The kimono, bearer of chrysanthemum symbolism

Long live the floral kimono

The kimono really is the comeback kid in the 2016 fashion trends. Imported from Japan, you don’t need to be a geisha to wrap yourself in a kimono: the simplified version can easily be worn nice and loose with jeans and sneakers. But it’s still bursting with tradition, in which the chrysanthemum plays a subtle part.

Kimono with chrysanthemums - Funnyhowflowersdothat.co.uk

The traditional Japanese kimono

The kimono has long ceased to be an everyday outfit in Japan and is now mainly a heritage item, but women still wear them for ceremonies and traditional events. For example, you wear a kimono for your graduation, when you get married and during the tea ceremony. 

Wearable symbolism

You’re thereby not just wearing the magnificence of a robe, but above all a profusion of symbolism. For example, the colour doesn’t need to be your favourite shade. Red represents happiness and protects children from evil, and is therefore a recurring theme in the fabrics used.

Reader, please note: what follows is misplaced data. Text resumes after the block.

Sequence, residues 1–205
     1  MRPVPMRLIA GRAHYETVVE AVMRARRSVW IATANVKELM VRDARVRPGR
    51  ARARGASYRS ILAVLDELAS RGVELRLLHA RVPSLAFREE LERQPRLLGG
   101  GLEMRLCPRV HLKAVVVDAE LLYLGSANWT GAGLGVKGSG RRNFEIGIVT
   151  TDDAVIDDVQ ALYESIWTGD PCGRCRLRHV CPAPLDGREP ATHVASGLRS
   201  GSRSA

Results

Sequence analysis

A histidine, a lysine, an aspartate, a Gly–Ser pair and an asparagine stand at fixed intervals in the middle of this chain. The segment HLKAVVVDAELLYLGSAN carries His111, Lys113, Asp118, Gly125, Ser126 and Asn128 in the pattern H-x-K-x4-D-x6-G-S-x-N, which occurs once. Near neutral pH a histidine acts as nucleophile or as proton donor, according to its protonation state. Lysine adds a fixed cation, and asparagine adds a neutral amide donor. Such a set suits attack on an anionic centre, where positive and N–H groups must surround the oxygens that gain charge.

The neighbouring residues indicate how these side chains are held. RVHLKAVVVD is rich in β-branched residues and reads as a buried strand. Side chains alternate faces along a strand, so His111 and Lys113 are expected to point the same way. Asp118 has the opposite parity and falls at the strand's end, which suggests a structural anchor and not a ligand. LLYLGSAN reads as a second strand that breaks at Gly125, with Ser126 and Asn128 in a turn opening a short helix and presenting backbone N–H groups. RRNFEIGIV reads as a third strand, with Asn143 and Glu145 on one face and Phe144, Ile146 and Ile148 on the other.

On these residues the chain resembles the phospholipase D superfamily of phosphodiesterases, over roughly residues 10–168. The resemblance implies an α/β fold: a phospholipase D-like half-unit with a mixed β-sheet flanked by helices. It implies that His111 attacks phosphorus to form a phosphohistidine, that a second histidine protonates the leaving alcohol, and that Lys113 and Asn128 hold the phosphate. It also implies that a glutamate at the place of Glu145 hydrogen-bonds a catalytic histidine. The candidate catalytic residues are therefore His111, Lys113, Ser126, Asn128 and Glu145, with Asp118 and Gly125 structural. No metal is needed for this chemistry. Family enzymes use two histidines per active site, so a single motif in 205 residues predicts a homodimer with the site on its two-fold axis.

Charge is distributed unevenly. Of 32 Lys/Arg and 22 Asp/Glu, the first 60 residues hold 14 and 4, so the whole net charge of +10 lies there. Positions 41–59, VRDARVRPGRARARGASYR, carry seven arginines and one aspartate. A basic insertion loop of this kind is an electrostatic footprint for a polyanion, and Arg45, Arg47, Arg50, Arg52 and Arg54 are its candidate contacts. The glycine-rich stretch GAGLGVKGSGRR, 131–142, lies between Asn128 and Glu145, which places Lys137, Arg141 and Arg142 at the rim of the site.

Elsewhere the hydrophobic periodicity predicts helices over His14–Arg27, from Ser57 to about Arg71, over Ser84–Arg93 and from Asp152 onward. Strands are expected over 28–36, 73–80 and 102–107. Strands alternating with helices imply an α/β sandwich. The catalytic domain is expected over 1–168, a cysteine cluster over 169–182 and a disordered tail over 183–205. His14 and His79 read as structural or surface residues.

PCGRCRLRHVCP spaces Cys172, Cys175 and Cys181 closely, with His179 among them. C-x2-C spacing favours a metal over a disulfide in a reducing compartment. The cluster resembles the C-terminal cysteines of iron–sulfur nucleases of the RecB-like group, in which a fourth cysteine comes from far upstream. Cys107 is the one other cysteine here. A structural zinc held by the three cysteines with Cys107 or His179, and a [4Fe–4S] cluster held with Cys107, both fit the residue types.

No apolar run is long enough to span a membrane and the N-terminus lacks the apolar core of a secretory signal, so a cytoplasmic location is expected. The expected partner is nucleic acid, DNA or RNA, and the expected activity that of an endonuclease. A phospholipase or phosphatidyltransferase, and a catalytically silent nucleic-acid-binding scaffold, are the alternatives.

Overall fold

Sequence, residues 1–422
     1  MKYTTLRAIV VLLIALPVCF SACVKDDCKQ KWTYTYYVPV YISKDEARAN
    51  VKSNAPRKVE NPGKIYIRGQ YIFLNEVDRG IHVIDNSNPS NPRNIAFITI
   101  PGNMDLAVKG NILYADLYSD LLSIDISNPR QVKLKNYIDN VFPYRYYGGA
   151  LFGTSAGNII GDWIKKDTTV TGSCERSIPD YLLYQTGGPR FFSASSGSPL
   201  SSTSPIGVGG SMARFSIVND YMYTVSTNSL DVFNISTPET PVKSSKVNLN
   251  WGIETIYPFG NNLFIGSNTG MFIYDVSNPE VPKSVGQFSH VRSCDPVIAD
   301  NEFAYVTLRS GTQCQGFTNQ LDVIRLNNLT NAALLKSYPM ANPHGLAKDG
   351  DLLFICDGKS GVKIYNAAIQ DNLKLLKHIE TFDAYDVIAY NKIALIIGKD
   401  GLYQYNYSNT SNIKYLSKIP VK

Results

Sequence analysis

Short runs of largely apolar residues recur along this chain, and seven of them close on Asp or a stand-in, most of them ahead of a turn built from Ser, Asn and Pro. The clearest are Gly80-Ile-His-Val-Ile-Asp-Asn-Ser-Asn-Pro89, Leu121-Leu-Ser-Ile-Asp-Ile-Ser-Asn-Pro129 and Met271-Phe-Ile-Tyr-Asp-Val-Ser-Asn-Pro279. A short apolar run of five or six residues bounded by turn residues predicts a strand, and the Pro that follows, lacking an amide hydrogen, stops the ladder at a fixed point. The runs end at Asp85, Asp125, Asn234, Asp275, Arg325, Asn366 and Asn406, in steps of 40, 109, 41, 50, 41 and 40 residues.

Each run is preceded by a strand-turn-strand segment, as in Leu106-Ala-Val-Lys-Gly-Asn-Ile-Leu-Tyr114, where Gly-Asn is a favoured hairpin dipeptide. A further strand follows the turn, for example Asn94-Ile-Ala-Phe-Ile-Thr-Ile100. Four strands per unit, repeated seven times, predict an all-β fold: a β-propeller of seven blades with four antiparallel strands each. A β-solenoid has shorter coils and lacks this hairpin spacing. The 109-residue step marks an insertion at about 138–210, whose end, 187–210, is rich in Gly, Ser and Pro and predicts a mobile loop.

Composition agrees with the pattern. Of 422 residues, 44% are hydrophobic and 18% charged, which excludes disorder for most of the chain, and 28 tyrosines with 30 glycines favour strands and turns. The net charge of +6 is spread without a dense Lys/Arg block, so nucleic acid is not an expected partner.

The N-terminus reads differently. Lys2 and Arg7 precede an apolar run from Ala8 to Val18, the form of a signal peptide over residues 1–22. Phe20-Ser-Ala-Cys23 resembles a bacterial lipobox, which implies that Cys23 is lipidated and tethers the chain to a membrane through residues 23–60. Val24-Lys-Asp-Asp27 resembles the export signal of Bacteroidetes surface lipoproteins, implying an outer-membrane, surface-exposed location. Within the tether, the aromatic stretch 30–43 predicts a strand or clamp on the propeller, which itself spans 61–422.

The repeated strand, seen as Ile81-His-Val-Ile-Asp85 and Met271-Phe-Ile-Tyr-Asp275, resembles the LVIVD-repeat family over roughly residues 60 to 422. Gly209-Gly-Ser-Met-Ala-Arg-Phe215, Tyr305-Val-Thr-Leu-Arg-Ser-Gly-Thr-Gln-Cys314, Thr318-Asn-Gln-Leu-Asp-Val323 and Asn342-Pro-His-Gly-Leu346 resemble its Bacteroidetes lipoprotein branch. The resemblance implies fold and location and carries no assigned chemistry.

Hello chrysanthemum!

You also see chrysanthemums conspicuously often on traditional kimonos, and not just as a fun decoration. The chrysanthemum symbolises a long and happy life - something you would wish anyone wearing the garment. So if you’re still in two minds about buying the modern version, take a good look at the print. Chrysanthemum present? Check!

Buying a new kimono

We can imagine that you’ve got a yen for it now. OldShanghaiOnline.com sells a chrysanthemum-strewn 'kimono robe' in a long and short version. So you can feel a bit like a geisha - in sneakers.

Read more about kimonos
 

  • Annie van Assche, Stefano Ember, Fashioning the Kimono. Dress and modernity in early 20th century Japan, Milaan 2005
  • Liza Dalby, Kimono. Fashioning Culture, 2001
  • Jill Liddell, The story of the Kimono, New York 1989
  • Norio Yamanaka, The book of kimono, Tokyo 1982